Growth-by-acquisition strategy can come with drawbacks for REITS, RBC report shows

As expected there are a lot of gems in the recently published 377-page report by RBC Capital Markets on the sector outlook for REITs, a group with a market capitalization of about $75 billion.

One of the more interesting observations — in what is the bank’s 80th such quarterly outlook — was that 2018 will be a busy year for asset dispositions: $5.4 billion of “intended or announced property dispositions” are expected to be completed in this year and beyond.

To put that number, which has risen for four years in a row, in perspective: there were only $2.4 billion of such dispositions in 2015; $3.7 billion in 2016; and $5.3 billion last year. (According to CBRE, there were about $40 billion of commercial property transactions last year.)

Based on what’s happened already, we are more than 20 per cent of the way to that 2018 estimate, in part because some of the “grander plans” announced by three REITs have already been achieved.

Downgrade

Cominar REIT, which had a year to forget with a credit rating downgrade (the first for the sector) and a cut in distributions, has already made good on its plan, announced last August, to divest $1.2 billion of non-core assets, via the recent sale to Slate Acquisitions. It plans to sell another $1 billion – $1.5 billion of properties.

But there’s more to come given that RioCan REIT wants to sell $2 billion of smaller market properties by 2020, while H&R REIT has announced plans to sell 91 properties valued at US$895 million.

The RBC report gives another perspective to asset dispositions: over the period 2004-2007, or three years before the global financial crisis, the levels were low with just one REIT, Dream Office, engaged in any major sales. Over those years, REITs sold $3.118 billion of properties, of which Dream accounted for $2.375 billion.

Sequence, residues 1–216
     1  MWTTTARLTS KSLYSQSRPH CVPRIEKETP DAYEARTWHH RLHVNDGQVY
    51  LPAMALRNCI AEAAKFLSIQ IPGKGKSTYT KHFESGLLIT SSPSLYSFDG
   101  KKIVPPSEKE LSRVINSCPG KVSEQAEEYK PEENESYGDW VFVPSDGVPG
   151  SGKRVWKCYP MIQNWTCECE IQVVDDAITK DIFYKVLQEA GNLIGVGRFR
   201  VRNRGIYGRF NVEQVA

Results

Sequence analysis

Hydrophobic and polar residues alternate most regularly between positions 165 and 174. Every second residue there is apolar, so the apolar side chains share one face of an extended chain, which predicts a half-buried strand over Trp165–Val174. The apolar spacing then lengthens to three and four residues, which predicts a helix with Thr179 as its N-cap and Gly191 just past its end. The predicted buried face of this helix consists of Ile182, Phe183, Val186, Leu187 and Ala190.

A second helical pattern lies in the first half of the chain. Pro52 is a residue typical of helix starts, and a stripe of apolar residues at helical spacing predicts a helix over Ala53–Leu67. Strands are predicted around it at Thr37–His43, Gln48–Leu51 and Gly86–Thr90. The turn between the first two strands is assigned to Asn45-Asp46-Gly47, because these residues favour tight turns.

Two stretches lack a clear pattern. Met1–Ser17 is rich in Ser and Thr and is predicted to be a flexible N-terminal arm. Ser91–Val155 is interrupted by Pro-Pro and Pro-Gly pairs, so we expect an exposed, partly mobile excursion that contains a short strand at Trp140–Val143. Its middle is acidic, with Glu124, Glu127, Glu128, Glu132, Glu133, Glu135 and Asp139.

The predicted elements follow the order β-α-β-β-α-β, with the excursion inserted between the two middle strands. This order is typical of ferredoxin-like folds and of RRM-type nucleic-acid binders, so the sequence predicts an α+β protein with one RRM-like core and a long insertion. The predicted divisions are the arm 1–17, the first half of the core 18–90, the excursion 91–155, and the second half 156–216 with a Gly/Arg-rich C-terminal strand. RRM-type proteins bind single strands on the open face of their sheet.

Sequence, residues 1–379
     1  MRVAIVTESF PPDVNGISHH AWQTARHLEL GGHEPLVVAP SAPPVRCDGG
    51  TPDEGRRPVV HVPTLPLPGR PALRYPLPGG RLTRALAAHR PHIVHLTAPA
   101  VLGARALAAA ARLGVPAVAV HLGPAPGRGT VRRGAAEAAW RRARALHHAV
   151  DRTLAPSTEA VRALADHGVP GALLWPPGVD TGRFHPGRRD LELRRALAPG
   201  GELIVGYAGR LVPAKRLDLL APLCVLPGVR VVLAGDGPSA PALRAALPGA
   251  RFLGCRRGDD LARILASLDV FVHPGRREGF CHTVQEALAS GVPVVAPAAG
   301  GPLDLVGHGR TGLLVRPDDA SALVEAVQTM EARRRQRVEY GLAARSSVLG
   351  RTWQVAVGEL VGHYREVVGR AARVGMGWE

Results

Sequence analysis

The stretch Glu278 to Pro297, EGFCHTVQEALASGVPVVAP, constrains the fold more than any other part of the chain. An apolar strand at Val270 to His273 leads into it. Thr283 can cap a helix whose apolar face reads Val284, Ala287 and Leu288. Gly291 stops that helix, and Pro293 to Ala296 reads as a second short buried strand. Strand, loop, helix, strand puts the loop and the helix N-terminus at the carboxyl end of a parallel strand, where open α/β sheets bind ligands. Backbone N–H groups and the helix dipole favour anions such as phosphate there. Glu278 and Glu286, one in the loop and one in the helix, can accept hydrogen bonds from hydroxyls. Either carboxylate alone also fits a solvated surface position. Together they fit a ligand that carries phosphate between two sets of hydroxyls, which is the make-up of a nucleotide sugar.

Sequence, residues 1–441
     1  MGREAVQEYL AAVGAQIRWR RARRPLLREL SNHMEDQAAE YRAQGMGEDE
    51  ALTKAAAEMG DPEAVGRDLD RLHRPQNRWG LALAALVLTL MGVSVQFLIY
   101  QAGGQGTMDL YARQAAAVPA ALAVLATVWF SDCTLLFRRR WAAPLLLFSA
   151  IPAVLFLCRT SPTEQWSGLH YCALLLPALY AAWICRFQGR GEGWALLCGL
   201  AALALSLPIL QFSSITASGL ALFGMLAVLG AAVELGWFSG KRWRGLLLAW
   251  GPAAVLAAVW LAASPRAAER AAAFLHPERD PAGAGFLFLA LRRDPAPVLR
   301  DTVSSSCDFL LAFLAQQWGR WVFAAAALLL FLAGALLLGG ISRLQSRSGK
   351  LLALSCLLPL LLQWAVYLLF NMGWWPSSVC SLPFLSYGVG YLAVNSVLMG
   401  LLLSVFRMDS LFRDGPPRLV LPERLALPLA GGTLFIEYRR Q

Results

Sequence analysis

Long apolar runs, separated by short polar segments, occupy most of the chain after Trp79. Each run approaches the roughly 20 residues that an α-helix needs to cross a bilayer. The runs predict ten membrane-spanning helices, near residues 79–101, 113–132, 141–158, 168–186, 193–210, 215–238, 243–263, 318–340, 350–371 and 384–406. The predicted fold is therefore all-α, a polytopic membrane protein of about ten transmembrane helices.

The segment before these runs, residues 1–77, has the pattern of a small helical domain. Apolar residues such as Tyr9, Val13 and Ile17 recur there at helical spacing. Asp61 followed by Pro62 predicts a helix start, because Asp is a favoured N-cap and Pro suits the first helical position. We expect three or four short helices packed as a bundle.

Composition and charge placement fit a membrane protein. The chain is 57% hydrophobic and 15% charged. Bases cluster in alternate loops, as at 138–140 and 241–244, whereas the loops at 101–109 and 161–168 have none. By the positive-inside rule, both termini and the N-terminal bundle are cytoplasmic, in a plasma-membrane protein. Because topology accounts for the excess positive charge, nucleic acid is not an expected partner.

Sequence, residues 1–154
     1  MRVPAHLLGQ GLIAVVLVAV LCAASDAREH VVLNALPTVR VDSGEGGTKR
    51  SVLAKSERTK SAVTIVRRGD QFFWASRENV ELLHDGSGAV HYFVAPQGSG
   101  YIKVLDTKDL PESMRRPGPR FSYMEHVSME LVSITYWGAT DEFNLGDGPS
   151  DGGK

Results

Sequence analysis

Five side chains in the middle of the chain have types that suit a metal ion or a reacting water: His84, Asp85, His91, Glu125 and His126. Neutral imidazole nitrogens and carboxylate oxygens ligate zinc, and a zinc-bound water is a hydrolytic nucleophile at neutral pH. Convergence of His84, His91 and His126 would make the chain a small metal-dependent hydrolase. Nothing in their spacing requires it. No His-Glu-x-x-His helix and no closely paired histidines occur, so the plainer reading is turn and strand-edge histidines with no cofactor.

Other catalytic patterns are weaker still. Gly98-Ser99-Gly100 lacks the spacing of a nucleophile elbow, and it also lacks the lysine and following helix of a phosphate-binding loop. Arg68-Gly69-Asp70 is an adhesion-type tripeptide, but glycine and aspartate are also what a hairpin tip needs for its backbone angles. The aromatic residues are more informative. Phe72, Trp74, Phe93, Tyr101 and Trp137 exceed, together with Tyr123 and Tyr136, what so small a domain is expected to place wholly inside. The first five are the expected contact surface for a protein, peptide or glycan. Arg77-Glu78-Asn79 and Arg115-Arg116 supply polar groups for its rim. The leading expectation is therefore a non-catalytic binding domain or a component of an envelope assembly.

But over the 2014 to 2017 period, almost $10 billion of assets were sold. As with the prior period, the recent numbers are skewed by DREAM’s activity: after its re-entry to the REIT world, it has now made $3.415 billion of dispositions with another $100 million targeted.

As for the reasons for the increase, the report posits that it’s related to “normal-course portfolio pruning and capital recycling,” a “heightened” focus on core markets and properties and “a path to correcting past strategy missteps.”

In this way, the report said it sees capital recycling via non-core asset sales as “a means towards achieving the goal of continuous quality improvement. As capital is a precious resource, we also believe the process instills asset-management discipline.”

It may be precious but it seems that it’s always available. All the properties that are now targeted for sale were financed, often with a healthy does of equity, by investors who were generally told that the acquisitions were accretive.

Growth-by-acquisition programs

As for the missteps, RBC said generally they were rooted in “very aggressive growth-by-acquisition programs through which we believe the affected enterprises aggregated assets on a non-strategic basis, and/or in conjunction with higher financial leverage.”

For those cases where the REIT is managed externally often there are incentives (the receipt of fees) for doing transactions — all of which can encourage growth by acquisition.

It’s worth noting that three REITs now planning the largest asset dispositions — Cominar, H&R and RioCan — have all underperformed the S&P composite real estate sector index on a total return basis over the past seven years. In Cominar’s case, the return has been negative over the period.

The report makes SmartCentres REIT its top pick. In 2017, the REIT posted a 1.13 per cent total return.

Financial Post

bcritchley@nationalpost.com

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